Ultimate Causes

There were two root causes to this problem: my choice of data visualization libraries and my approach to them.

I chose the combination of mpld3/matplotlib/seaborn because these libraries seemed most familiar to me. I had worked with matplotlib/seaborn before, and mpld3 appeared to modify matplotlib in a fairly straightforward manner. I wanted to submit my data visualization as part of a job application, and I didn’t want to spend too long working on that particular application. However, these libraries did not play well with each other, and did not solve the problems they needed to in order to create a satisfactory visualization. Moreover, mpld3 is not very robust – indeed, the primary developers have abandoned this project in favor of contributing to another data visualization library. Even after this became evident, I kept trying to fix the problem with the incorrect tools rather than using different tools.

The other root cause was that I prolonged a negative attitude toward data visualization. One of the things I enjoy about coding is that if I encounter a problem, I know there is a specific reason why that problem exists, even if I don’t understand the reason. The more I learn about my code or about the library I’m using, the more likely I will be able to solve the problem. But sometimes there is a trade-off between understanding a library and getting a job done quickly, and I notice that trade-off more prominently when using data visualization libraries. Past problems I’ve solved haven’t required much understanding of my visualization libraries and have usually occurred during a time crunch (e.g., I’m trying to finish a paper to submit to an academic journal). So the commands/objects I use to create visualizations feel like black boxes. I don’t understand them very well, and they usually frustrate me. Rather than rethinking that approach to data visualization libraries, I kept being frustrated that the libraries didn’t work the way I wanted them to.


Analysis and Prevention

The most immediate solution to this sort of problem is to use a different library for interactive exploratory data visualizations. Several Python libraries are specifically designed for this sort of problem, including Bokeh, Dash, and altair. I could even learn some JavaScript and use d3 (or its slightly friendlier cousins, Vega/Vega-Lite) to avoid the problems of a visualization library that may be unfinished or half-baked. Clearly, using the right tools is a more important part of the process than I had previously thought.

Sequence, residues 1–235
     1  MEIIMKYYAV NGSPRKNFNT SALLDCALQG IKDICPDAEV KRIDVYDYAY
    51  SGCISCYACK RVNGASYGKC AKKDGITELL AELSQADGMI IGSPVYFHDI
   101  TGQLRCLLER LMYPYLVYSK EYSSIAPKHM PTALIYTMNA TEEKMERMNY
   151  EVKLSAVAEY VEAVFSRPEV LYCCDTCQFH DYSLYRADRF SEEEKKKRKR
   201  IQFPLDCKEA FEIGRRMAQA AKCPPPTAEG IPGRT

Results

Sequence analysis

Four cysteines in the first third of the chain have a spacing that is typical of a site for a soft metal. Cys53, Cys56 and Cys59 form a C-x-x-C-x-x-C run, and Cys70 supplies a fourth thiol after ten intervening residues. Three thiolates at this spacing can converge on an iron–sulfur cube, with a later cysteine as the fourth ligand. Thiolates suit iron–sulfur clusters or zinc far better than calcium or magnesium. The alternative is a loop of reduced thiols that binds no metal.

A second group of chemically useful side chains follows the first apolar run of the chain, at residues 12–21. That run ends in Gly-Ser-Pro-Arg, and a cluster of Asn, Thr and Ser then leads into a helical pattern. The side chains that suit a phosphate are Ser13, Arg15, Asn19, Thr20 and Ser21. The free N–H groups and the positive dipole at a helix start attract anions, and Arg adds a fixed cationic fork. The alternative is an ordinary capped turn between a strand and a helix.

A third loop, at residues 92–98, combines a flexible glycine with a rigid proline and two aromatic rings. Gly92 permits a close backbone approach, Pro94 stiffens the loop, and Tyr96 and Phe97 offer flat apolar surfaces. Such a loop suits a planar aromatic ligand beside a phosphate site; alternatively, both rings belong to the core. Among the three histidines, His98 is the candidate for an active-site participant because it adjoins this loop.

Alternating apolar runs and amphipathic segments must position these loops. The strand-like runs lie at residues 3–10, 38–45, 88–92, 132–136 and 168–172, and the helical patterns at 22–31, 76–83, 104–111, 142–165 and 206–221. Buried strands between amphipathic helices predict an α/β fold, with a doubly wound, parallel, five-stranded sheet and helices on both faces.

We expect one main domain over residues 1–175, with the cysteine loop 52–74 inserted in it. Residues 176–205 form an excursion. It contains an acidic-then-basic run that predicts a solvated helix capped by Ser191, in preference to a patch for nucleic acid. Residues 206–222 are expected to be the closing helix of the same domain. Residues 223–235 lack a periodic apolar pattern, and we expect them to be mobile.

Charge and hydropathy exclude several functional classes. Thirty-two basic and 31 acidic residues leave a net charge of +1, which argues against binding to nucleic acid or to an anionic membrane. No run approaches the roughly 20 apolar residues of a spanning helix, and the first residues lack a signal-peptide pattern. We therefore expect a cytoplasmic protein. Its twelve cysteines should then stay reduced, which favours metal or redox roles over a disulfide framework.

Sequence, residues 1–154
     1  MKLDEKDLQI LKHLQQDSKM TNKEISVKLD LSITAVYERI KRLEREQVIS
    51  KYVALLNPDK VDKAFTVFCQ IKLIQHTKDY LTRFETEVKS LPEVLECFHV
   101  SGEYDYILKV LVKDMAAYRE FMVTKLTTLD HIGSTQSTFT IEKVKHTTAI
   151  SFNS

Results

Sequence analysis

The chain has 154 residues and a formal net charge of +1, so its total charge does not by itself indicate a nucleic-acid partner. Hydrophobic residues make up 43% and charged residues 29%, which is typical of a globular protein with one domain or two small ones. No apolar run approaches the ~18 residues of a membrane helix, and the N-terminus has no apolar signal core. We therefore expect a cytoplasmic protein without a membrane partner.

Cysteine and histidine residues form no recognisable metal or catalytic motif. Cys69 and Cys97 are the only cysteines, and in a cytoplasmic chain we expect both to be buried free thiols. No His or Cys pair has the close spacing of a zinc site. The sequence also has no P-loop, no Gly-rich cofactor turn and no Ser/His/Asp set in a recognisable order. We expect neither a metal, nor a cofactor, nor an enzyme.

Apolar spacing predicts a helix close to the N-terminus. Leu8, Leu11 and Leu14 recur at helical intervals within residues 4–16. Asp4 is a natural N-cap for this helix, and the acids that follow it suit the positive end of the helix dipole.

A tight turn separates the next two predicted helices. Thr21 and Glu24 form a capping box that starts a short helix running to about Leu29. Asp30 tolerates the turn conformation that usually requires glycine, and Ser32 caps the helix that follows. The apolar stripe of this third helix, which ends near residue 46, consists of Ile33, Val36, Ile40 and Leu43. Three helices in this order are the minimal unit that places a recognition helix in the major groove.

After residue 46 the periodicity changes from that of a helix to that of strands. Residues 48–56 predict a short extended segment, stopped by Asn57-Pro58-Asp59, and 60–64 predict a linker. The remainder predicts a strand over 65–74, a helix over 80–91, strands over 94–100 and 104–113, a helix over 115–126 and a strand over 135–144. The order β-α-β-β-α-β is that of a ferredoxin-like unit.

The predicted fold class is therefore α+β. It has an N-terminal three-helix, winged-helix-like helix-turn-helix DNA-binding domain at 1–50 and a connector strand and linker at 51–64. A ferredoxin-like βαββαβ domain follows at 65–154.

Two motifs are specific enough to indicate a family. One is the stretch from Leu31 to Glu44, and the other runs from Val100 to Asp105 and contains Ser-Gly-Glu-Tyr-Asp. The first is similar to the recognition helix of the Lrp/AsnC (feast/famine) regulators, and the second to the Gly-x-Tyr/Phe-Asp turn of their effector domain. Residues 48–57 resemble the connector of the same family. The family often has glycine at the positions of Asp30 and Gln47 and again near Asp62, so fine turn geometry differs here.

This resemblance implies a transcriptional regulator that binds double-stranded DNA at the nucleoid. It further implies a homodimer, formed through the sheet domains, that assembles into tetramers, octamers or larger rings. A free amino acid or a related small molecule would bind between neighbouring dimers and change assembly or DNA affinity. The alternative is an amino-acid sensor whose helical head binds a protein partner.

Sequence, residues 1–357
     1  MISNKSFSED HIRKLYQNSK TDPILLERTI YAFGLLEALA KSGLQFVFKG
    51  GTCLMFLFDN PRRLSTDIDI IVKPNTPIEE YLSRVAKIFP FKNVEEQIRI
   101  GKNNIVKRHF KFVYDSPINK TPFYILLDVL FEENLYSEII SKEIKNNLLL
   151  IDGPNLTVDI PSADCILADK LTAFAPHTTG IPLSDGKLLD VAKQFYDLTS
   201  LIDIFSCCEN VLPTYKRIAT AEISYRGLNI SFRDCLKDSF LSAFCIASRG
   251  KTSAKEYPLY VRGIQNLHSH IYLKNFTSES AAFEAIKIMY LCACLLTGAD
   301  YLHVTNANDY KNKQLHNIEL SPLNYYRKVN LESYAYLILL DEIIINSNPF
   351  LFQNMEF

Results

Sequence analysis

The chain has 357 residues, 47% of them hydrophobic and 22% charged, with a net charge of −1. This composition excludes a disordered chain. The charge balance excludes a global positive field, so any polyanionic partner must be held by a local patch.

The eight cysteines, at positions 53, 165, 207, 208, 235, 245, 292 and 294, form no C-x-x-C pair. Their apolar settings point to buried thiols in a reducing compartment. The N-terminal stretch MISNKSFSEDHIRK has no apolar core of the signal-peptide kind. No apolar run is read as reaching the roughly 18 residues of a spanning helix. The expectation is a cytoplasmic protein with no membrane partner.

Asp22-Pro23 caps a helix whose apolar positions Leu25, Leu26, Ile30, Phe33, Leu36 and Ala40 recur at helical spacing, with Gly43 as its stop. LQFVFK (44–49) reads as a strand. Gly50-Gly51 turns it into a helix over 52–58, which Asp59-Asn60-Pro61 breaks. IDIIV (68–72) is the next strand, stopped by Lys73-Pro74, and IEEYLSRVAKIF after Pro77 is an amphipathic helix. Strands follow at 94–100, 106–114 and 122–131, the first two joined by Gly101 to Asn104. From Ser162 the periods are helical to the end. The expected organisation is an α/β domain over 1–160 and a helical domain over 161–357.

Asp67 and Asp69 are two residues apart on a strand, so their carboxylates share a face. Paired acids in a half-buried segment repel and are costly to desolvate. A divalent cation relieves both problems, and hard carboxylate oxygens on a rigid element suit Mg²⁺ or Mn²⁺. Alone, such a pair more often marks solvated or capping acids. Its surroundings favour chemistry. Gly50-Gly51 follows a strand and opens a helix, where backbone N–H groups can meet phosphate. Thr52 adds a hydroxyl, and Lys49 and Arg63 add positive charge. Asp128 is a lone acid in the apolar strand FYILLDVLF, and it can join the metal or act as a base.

One of the lessons I’ve learned as part of this process is that I need to be more careful about making sure that any new library I include in my workflow is robust and well-maintained. I chose mpld3 because it was closest to the library with which I was most familiar, and I didn’t ask the right questions before using it in my code. If I had read the mpld3 issue tracker or documentation in more detail before using the library, it would have been fairly easy to figure out that it was the wrong tool for my project.

A larger problem was that I wasted several hours trying to make my visualization work even after I knew the tool wasn’t right. I didn’t use another library because I assumed a defeatist attitude (e.g., “it is impossible to understand the internal logic of data visualization libraries”), rather than approaching the code with the learning-oriented mindset I apply to other programming tasks.

This experience has convinced me that I need to spend some time truly understanding my data visualization libraries. I find it much easier to learn about my tools when I am trying to solve a specific problem, so I am planning to complete this data visualization task using another library some time in the next few weeks. Stay tuned, Athena!